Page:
Math is a subject that is totally based on formulas there are thousands of formulas used in maths, it is not possible to remember all of those formulas you can take help from some apps like Math formulas and Physics formulas.

I'd agree with you at the high-school level, yes; most of the maths I was taught back then was more or less formulaic, and entirely context-driven. But as a subject in and of itself -- and, perhaps even as an art, some might say -- it is built up with axioms, definitions, theorems and proofs. It is certainly not totally based on formulae, and I'm glad that it isn't, because that would sap the fun right out of it for me.

]]>http://freecomputerbooks.pickatutorial.com

Rgd

Tania

]]>in WORD 2007 you can do things like this:

Type equations in linear format

You can type most equations quickly by using Math AutoCorrect codes. For example, to align an equation array, you can use @ and &, as in the following:

\eqarray(x+1&=2@1+2+3+y&=z@3/x&=6)<space>

I cannot copy here the result (it's a word graphic) so you'll have to try it yourself.

I just typed 'mathematical format' into WORD help.#

Bob

]]>Links of a promotional nature or for profit are against forum rules. The forum must be kept free of spam. I am sure you understand.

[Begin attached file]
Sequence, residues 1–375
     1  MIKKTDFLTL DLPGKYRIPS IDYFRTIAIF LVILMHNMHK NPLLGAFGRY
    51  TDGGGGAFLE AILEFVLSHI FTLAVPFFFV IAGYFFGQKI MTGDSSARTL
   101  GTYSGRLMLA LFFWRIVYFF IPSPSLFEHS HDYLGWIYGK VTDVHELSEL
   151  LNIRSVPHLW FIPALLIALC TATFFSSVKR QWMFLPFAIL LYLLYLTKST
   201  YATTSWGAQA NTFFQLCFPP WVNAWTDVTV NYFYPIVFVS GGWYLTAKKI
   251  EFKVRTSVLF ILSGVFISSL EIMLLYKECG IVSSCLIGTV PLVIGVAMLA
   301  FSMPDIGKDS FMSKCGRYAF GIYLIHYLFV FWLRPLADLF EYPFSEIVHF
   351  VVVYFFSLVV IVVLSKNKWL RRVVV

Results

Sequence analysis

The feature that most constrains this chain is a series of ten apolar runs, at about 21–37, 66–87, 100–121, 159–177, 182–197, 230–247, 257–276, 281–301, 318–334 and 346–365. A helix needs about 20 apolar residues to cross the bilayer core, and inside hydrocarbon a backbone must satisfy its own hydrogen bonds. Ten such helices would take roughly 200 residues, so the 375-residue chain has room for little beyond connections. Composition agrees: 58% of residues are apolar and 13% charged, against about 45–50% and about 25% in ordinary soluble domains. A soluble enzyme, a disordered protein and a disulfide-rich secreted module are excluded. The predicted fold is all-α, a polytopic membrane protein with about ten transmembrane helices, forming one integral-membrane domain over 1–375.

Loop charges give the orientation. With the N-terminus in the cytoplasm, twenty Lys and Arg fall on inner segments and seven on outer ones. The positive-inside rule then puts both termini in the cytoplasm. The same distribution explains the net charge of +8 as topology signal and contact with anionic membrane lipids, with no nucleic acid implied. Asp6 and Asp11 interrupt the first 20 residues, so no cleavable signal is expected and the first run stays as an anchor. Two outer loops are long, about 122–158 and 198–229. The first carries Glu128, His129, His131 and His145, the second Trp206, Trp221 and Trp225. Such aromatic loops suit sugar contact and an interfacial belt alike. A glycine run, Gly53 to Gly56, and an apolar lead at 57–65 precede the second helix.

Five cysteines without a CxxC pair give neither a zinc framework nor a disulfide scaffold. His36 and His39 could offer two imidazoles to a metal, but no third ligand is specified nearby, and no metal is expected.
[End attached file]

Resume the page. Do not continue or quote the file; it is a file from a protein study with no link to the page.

No Spam. Spam includes messages that have no relevance to the topic, that are annoying, repetitious or promotional in nature. Overuse of short comments is also spam.

Feel free to come in and donate your time like bob bundy, ganesh, gAr, anonimnystefy, Agnishom, Nehushtan and others do and did. Your expertise would be welcome.

]]>http://www.amazon.com/Analytic-Geometry-Schaums-Outline-Kindle/dp/0070345759

I was unable to find it online.

I found

Analytical Geometry by Pogorelov

Analytical Geometry for colleges, universities and technical schools by E. W. Nichols

neither one looks great for self teaching but you will have to remember that 99.99% of all books on math are made to be part of a course with an instructor.

]]>NCERT wrote:

1. IF D is negative, THEN the equation has no real roots.

2. IF D is positive, THEN the equation has two real roots.

2. IF D is zero, THEN both the roots of the equation are equal.

Let us discuss a few examples.

Ready?

P.S: What is your feedback about the last line of my signature?

]]>Below are some resources I found and bookmarked.

AAA Study:

Pick a grade and a math topic and begin learning.BBC GCSE Maths:

Part of the Britsh tutoring Bitesize lessons at a very high level, pick a topic, and a lesson and go!Hooda Math:

Fun math games for all ages, and tutorials.Note:They took out many of the games that were there before.IXL:

Pick a grade and topic and take the test!Note:Need a paid membership for some features.Pearson Success Net:

Login, choose your book, and read EnVision Math online.Note:Need to own at least one EnVision Math textbook at school, and have your teacher add your account.

Thanks for your information.

]]>You are welcome!

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